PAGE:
Road to TEDx, hosted by UNR’s College of Business, is a student speaker competition where students share present an idea in a similar format to TED Talks. On October 2, 2019, I gave a presentation at UNR’s Road to TEDx event about activism, the importance of it, and how anyone can be an activist. The event was a success, and I placed second overall! Below is the speech I gave at the event:
So I’d like to start off by asking you a question. Raise your hands if you have ever wanted to change something or spread a message about something. Maybe its climate change. Maybe its politics. Maybe it’s the lack of air conditioning in your dorm. We read about, hear about, and experience all sorts of problems on a day-to-day basis. For instance, when I was in 5th grade, our class read about how Typhoon Haiyan had devastated the Philippines, killing thousands and causing lots of damage. We wanted to help. So we did. We decided to do a fundraiser to aid disaster relief. Coincidentally, our teacher had a popcorn machine. Hence, Popcorn for the Philippines was born. It took just 30 kids, one teacher, and a popcorn machine to raise over $400 for the Red Cross. I will never forget the feeling of accomplishment, and the feeling that I did something.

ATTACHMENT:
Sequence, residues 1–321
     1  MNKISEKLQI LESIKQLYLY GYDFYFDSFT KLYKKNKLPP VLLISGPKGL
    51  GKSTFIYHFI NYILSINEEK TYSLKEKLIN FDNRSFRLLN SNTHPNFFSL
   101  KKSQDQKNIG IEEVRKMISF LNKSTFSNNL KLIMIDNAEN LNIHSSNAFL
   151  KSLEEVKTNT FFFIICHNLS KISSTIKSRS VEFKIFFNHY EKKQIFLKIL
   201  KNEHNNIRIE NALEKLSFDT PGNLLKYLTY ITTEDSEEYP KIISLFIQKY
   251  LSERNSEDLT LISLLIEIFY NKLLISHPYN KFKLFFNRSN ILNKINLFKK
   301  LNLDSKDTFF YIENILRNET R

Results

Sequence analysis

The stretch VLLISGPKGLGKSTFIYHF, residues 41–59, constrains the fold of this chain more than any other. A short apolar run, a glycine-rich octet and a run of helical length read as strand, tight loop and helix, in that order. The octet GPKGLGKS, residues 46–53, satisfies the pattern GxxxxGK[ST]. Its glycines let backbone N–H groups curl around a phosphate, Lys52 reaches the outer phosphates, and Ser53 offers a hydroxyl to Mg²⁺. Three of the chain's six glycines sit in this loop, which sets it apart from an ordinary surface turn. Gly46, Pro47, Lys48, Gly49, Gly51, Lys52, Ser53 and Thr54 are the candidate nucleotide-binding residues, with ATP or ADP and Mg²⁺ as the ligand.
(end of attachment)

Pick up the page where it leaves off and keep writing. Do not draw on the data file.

Maybe you’ve had a similar experience. Maybe you too have hosted a bake sale fundraiser or volunteered at your local animal shelter. Maybe you haven’t. But you can’t deny that there is something out there that you want to change. And now is the time to do something. To be an activist and make that change happen. So, first off, what even is activism? Well, last week I searched it up and Google told me it was “the policy or action of using vigorous campaigning to bring about political or social change.” That’s it. But many people associate activism with a huge, long-term commitment: famous movements like #climatestrike because that is what the media reports. While these campaigns are amazing, they only perpetuate the idea that activism is hard and unachievable.